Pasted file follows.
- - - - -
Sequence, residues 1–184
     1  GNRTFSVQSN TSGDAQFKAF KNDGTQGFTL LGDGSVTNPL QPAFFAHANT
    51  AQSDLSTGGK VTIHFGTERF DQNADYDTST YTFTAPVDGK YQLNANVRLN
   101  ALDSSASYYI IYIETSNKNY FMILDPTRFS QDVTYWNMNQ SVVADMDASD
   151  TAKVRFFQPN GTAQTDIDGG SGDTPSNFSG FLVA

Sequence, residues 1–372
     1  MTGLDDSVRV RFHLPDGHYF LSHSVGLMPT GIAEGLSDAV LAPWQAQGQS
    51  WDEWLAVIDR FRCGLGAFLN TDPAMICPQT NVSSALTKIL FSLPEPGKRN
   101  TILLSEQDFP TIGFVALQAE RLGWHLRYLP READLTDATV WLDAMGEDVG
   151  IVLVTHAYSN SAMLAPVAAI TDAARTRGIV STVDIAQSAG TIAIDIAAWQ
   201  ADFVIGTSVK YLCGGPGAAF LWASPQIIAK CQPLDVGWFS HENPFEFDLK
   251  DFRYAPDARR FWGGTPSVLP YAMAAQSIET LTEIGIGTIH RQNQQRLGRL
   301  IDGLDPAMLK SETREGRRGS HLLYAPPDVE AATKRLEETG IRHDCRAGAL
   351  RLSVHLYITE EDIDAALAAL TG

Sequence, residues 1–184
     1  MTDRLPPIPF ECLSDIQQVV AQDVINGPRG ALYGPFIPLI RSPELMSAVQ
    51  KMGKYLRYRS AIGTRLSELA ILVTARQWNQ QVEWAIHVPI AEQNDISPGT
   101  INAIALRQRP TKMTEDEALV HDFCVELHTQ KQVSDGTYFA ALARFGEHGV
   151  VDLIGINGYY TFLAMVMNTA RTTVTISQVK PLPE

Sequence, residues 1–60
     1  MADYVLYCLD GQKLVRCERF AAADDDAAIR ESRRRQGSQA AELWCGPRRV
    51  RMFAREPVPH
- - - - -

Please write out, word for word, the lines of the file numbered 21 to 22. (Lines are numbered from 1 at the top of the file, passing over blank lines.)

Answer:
     1  MADYVLYCLD GQKLVRCERF AAADDDAAIR ESRRRQGSQA AELWCGPRRV
    51  RMFAREPVPH